Granger presents some interesting parallels between JKR's seven novels and other literary tropes and genres.  I hadn't even thought of the "school-boy" novel, which Harry Potter and the Sorcerer's Stone fits perfectly, because I hadn't read Tom Brown's School Days or any other novels in the boarding school genre.  Granger also ties the three stages of alchemy - nigredo, albedo, and rubedo - into the three final books in the series.  It's very interesting how the principles dovetail with the narrative.

The one thing I wished this book had was a little more meat.  Granger's theories seem well-supported in some chapters, like the alchemy one, but are superficial in others, the Austen chapter in particular.  It seemed a little "lit crit lite," more for the layman than the serious scholar which is something I find irritating, like the writer assumes you can't handle and indepth discussion.  Granger splits between good texutal analysis and tangential conjecture; while the book was enjoyable I just wish there had been a little more.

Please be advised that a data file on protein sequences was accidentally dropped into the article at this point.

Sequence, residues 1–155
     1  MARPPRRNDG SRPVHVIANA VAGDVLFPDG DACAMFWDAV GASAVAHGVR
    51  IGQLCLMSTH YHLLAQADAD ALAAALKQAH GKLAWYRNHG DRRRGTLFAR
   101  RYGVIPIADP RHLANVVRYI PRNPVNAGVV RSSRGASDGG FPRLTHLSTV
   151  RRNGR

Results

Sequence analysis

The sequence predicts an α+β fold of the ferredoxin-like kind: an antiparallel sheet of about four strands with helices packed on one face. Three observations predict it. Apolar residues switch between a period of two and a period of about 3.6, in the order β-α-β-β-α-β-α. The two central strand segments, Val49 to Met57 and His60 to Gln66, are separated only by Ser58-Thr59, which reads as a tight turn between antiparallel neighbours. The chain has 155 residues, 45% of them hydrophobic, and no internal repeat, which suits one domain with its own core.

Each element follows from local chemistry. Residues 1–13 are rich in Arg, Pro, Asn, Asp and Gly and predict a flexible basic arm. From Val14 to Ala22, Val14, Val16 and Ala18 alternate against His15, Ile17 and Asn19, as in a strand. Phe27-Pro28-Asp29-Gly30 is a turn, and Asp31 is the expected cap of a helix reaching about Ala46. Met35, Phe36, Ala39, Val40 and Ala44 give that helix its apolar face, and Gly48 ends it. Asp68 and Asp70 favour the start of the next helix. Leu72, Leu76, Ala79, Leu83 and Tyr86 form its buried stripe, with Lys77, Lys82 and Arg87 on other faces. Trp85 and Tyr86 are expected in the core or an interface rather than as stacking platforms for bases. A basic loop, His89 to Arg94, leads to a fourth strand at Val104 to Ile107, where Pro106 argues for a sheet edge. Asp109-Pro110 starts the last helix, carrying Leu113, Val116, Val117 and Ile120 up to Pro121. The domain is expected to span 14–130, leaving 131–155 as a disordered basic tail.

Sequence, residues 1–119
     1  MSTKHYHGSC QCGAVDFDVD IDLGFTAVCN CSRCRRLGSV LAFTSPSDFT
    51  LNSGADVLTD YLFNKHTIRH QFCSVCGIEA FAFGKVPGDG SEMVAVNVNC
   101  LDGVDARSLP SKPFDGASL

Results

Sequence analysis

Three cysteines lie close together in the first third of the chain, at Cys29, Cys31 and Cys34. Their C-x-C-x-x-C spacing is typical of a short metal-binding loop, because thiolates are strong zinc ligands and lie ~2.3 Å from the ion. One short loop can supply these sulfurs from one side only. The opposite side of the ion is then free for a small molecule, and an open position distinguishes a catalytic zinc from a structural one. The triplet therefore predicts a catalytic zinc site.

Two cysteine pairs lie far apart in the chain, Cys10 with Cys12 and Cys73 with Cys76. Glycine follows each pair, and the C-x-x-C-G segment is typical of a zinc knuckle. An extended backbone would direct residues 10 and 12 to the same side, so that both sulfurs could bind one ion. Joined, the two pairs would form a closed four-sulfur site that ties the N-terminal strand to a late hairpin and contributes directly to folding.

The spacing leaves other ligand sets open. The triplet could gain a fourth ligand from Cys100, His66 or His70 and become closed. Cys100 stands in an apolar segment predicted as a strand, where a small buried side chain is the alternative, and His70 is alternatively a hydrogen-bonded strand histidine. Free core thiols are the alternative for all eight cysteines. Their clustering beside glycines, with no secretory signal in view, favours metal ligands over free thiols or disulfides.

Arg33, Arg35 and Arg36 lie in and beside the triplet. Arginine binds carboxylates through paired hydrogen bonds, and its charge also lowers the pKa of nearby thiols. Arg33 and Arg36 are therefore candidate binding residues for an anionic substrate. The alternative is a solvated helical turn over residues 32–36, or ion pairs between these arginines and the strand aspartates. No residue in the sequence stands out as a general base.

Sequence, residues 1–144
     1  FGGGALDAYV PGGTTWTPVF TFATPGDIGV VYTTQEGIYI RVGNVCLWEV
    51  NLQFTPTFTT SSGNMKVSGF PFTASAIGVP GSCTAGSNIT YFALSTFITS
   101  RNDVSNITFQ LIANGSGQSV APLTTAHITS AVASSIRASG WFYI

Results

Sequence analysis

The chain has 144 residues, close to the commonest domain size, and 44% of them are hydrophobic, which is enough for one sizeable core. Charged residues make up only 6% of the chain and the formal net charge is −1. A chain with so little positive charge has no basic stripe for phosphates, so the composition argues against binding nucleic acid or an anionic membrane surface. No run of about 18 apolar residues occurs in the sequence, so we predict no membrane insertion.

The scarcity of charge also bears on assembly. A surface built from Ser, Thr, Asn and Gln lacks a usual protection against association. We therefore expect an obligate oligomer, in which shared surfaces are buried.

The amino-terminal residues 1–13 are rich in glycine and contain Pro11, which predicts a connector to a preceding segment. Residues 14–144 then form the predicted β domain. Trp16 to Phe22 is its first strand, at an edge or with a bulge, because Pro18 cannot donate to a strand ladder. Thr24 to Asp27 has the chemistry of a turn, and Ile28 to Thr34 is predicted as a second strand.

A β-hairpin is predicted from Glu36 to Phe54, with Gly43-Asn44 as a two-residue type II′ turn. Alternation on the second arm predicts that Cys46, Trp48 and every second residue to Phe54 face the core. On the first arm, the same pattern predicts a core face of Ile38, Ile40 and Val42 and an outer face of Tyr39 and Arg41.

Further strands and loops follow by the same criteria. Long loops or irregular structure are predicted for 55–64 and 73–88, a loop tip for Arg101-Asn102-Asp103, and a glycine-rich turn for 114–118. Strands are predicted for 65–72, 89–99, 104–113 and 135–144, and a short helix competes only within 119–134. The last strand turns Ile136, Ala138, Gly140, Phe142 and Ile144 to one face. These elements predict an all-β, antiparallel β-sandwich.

Clear Off Your Shelves Challenge Count:  11/14

Teaser Tuesday: And Then There Were None

Teaser Tuesdays is a weekly bookish meme, hosted by MizB of Should Be Reading. Anyone can play along!

Just do the following:
- Grab your current read
- Open to a random page
- Share two (2) “teaser” sentences from somewhere on that page
- BE CAREFUL NOT TO INCLUDE SPOILERS! (make sure that what you share doesn’t give too much away! You don’t want to ruin the book for others!)
- Share the title & author, too, so that other TT participants can add the book to their TBR Lists if they like your teasers!
Five people - five frightened people.  Five people who watched each other, who now hardly troubled to hide their state of nervous tension.
~ p 185, And Then There Were None, Agatha Christie

02 November 2009

And Then There Were None - "Literature by Women" November!

Come on over and get creeped out with And Then There Were None - the November feature for the "Literature by Women" Barnes and Noble Book Group.

It's a fast read and one of my favorite Agatha Christie mysteries.

The Mysteries of Udolpho